Reading the news — especially lately — is a daunting task. Sometimes it’s best to take a break from the onslaught of negative headlines flickering across our screens. Sometimes it’s even better to seek out glimmers of hope and happiness that may have gone unnoticed in the wake of more breaking news.
For this reason, Medscape compiled a handful of stories healthcare professionals may have missed last month that are certain to remind them about the good in the world and the reasons why it’s important to look out for one another.
Honoring Humanitarian Paul Farmer’s Memory
Paul Farmer, MD, PhD, infectious disease expert and co-founder of the Boston-based global nonprofit organization, Partners in Health, passed away at the age of 62 in February while teaching abroad in Rwanda. Although his death is certainly something to mourn, it’s the way he lived his life, his legacy, that sparks joy.
Farmer dedicated his life to aiding underprivileged communities, beginning with summer volunteer work in Haiti when he was a college student. He was the chair of Global Health and Social Medicine at the Blavatnik Institute at Harvard Medical School. George Q. Daly, the dean of Harvard Medical School, said Farmer represented the “heart and soul of Harvard Medical School” in a letter to the students announcing his sudden passing.
Farmer’s nonprofit helped tackle massive health and humanitarian crises all over the globe, from the 2010 earthquake in Haiti to the 2014 Ebola outbreak in West Africa. A colleague of Farmer’s, Pardis Sabeti, said that one of Farmer’s greatest strengths as a doctor was in treating patients “not like ones who suffered but like a pal you’d joke with.” Farmer’s life work highlights the power that driven individuals can have on a massive scale. If you ever ask, “Well, what can I do?,” think, “What would Paul Farmer do?”
California Doctor Breaks World Record for Tallest 3D-Printed Statue
It’s not every day that world records get broken.
Emergency medicine physician Vinson Eugene Allen, MD, from Gardena, California, recently got to hold the plaque for his very own. According to Guinness World Records, Allen broke the record for the tallest 3D-printed sculpture of a human ever created.
The 1500-pound statue was shipped in 45 parts from its printer in Minnesota to California to be assembled. All in all, it took a team of nine people 12 weeks to get the Statue of Inspiration, as Allen calls it, to stand 19 feet, 10 inches tall. The project started when Allen built his first 3D sculpture, the image of a doctor, to stand on a billboard to advertise his urgent care centers.
Realizing his original design didn’t meet the requirements for a world record, he decided to give it another try, this time with a specific target in mind. Allen smiled and pumped his fist in the air as confetti rained around him as he accepted his World Record plaque during Black History Month, a feat he said meant so much to the community that he serves.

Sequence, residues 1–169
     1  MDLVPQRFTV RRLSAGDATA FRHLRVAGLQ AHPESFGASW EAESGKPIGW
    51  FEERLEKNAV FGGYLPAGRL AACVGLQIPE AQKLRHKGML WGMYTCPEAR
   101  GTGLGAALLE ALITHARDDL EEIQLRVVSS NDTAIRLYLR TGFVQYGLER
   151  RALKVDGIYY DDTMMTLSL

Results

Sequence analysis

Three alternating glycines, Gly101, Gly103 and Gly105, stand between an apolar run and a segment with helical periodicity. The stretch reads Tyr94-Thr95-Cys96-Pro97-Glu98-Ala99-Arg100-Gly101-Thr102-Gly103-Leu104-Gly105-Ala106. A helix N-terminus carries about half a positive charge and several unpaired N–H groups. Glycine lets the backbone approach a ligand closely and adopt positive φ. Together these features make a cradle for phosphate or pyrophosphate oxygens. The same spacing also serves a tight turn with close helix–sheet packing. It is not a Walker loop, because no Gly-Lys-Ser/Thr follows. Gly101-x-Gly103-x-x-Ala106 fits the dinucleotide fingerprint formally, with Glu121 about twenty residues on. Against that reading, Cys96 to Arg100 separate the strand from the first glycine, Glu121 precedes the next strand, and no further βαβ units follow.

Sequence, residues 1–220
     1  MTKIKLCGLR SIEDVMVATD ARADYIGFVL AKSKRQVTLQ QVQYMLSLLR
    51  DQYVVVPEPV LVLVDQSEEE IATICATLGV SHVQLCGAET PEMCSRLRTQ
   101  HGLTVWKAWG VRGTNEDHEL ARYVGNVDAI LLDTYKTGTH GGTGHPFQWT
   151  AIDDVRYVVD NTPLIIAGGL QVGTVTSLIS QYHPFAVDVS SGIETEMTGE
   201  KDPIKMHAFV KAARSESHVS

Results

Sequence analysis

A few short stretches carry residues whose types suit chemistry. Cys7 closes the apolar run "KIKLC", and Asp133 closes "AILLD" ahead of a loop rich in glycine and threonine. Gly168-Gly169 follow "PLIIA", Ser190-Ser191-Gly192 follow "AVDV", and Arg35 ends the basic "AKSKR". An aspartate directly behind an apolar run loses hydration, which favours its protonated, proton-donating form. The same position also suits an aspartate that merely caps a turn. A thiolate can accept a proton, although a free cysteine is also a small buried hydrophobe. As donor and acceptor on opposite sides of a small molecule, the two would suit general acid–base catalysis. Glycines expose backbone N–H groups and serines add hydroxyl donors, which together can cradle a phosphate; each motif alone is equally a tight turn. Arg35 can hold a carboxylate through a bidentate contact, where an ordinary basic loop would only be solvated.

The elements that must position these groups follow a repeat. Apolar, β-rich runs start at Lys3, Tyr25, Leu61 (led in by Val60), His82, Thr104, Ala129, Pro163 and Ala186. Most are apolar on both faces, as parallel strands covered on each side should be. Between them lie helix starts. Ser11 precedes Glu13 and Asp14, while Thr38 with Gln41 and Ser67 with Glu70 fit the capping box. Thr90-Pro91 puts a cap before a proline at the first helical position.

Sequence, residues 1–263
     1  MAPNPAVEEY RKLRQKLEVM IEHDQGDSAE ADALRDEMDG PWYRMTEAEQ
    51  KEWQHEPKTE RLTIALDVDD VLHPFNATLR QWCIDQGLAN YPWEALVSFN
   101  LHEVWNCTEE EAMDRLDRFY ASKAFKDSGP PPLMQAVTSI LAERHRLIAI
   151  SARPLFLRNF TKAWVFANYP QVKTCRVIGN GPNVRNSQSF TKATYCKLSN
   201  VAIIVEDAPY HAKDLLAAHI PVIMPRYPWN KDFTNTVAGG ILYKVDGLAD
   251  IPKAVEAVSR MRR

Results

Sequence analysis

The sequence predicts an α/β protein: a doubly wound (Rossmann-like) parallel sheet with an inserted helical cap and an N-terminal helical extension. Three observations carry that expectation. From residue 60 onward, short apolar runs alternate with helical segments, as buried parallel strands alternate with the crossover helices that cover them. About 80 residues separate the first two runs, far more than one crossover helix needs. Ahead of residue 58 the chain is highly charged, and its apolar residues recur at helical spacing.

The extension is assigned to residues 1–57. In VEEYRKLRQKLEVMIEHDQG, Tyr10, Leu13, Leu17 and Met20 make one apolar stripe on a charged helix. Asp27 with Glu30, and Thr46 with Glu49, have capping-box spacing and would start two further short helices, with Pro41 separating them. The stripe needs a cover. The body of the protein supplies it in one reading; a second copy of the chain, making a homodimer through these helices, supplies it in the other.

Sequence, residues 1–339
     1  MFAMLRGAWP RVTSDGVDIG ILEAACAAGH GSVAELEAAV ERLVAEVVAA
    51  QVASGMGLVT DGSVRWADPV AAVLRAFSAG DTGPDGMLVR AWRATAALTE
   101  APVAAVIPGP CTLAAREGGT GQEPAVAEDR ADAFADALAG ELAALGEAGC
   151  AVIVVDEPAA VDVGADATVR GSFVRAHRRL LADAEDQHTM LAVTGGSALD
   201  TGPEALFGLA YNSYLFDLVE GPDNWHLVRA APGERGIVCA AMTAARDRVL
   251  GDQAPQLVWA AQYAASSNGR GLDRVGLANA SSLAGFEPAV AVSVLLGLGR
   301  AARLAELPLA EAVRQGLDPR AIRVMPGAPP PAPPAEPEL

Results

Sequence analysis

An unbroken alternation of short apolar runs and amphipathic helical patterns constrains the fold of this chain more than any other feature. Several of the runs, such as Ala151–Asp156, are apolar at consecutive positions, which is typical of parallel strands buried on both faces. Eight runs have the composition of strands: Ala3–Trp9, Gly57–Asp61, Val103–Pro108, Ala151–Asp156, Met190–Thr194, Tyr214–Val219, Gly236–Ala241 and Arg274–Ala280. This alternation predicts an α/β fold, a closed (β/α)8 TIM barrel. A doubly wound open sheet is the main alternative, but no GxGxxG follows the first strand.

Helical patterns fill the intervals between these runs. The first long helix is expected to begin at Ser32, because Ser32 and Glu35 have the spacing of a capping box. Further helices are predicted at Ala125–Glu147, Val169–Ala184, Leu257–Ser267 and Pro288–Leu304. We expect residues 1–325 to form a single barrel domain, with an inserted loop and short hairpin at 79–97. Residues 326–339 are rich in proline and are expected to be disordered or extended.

Physician Advocates for the Healing Power of Music
When Larry Birger, MD, a hospitalist at Samaritan Hospital in Washington, DC, spoke to the Columbia Basin Herald about the healing power of music, he intended to be vague because “it can manifest in so many different ways.”
Birger, who has always had a love of music, said he felt healed by his guitar and kinship with other musicians during a hard time in his life in 2017. He wanted to help spread that feeling and founded Learn From the Masters Music Outreach. The organization makes free instructional videos for any budding musicians who may not have other opportunities to explore their musical interests.
Birger has big plans for Learn From the Masters Music Outreach, including more free concerts, school visits, and partnering with long-term care and hospice organizations. In both his personal and professional life, Birger is dedicated to helping people feel the best about themselves, with medicine and with music.
An Impromptu Hospital Wedding
The chicest new wedding venue? For one couple, it’s a hospital chapel.
Vicky Abarca and Jason Thedford of Harnett County, North Carolina, are expecting their first child in April, but recent complications with Vicky’s pregnancy put her in the hospital a week before their wedding, according to local television station WTVD.
The nursing staff at the University of North Carolina’s Rex’s Women’s Center, drained from the last 2 years of COVID-19, knew that a wedding was just the joyous occasion both the staff and the couple needed.
Luckily, Labor and Delivery Manager Megan Dunston happened to be an ordained minister and officiated the ceremony. Dunston is likely to be there to deliver the couple’s baby next month as well.
As soon as their son is born, they’re planning on having their originally planned wedding at Lake Johnson.
“People that we just met cared, and they went above and beyond for us,” Abarca told the station. “It’s an amazing feeling that I can’t explain.”
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